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30
Sep
2015

Samsung Pay Hits the US Market

POSTED BY Windsor Holden
Nearly 12 months after Apple entered the US contactless payments market with Apple Pay, Samsung has followed suite with the launch of Samsung Pay. The vendor is clearly hoping that its MST/NFC-based combination offering will appeal to a US market that is only now implementing EMV and moving from swiping the card to CHIP & PIN at the point of sale, and where terminals are only gradually deploying or activating contactless payment.

Launched in South Korea in August, Samsung Pay achieved a respectable opening month in that market with around 1.5 million transactions worth $30 million, and with 10% of users paying via the service daily.

But while the service is supported by both MasterCard and Visa, together with several leading banks including Bank of America, Citi and US Bank, it may struggle to keep pace with Apple Pay, which saw more than one million consumers register credit or debit cards within three days of launch. A Gallup survey of US consumers conducted at the end of last year found that more than 20% of iPhone 6 users had used Apple Pay at least once: even if that proportion remains flat, that would translate into a US Apple Pay user base approaching 13 million by the end of this year.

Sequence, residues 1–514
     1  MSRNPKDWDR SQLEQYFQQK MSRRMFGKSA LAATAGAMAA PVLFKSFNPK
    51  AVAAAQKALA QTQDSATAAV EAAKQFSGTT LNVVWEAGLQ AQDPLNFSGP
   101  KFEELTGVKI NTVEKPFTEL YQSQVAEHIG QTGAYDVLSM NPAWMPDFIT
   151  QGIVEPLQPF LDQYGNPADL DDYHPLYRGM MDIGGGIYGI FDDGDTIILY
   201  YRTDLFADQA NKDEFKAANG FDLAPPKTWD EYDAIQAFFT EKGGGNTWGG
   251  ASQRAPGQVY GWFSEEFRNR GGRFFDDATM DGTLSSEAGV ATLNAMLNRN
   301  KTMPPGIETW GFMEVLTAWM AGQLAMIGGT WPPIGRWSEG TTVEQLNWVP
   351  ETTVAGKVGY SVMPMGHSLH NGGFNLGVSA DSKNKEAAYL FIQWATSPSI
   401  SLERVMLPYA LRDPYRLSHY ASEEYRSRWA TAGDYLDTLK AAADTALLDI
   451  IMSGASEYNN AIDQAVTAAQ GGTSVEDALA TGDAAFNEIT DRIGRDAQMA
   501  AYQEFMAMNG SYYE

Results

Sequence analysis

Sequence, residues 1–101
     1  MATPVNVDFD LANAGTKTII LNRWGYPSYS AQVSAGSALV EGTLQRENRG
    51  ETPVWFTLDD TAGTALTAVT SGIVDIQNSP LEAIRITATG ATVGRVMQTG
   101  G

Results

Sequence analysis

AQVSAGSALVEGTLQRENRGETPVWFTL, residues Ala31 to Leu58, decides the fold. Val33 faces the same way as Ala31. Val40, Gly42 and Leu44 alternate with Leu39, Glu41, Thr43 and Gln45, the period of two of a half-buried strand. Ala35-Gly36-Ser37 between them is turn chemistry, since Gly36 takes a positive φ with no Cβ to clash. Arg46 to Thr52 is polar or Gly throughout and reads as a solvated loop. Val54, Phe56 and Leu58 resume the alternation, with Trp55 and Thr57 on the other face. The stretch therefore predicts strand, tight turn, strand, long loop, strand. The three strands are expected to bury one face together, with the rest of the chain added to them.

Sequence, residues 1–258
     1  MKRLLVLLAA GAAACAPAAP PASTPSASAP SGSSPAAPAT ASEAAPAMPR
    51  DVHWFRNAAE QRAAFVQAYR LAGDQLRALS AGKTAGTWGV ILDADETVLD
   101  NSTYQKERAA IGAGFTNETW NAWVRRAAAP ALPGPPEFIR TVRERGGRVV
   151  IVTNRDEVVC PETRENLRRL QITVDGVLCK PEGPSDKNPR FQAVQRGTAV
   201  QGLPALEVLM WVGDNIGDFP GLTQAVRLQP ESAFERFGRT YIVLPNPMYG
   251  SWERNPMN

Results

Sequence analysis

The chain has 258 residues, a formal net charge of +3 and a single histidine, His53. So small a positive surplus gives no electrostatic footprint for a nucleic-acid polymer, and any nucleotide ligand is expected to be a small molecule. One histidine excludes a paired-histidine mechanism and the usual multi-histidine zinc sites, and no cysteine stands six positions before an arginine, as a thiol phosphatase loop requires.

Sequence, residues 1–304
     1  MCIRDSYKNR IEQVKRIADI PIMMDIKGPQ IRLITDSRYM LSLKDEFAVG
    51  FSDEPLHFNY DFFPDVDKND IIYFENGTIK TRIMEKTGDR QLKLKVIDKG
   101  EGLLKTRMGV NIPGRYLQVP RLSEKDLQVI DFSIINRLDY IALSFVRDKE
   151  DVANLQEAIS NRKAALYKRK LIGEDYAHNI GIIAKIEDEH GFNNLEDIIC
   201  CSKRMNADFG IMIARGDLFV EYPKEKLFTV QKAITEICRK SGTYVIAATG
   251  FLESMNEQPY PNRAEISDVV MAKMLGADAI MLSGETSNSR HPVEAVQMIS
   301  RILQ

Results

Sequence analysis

The hurdle for Apple and Samsung to clear is repeat usage. Many consumers are believed to have used Apple Pay on one or two occasions, in part from curiosity: what is not clear is whether these initial forays into contactless have spawned a mobile payment habit. The fact that Apple has been reticent in supplying usage data suggests not, at least for the present time.



Source: letstalkpayments.com

However, with more retailers rolling out infrastructure which supports contactless payment – and with the solidarity of the MCX retailer consortium evaporating, together with their opposition to Apple Pay – there should be a substantial increase in the opportunity for US consumers to pay via NFC, as we mention in our Mobile Wallets research. Greater opportunity for payment should in turn bring a greater affinity with the technology. At least, so Apple and Samsung (not to mention Google, which has just introduced Android Pay into the mix) will hope.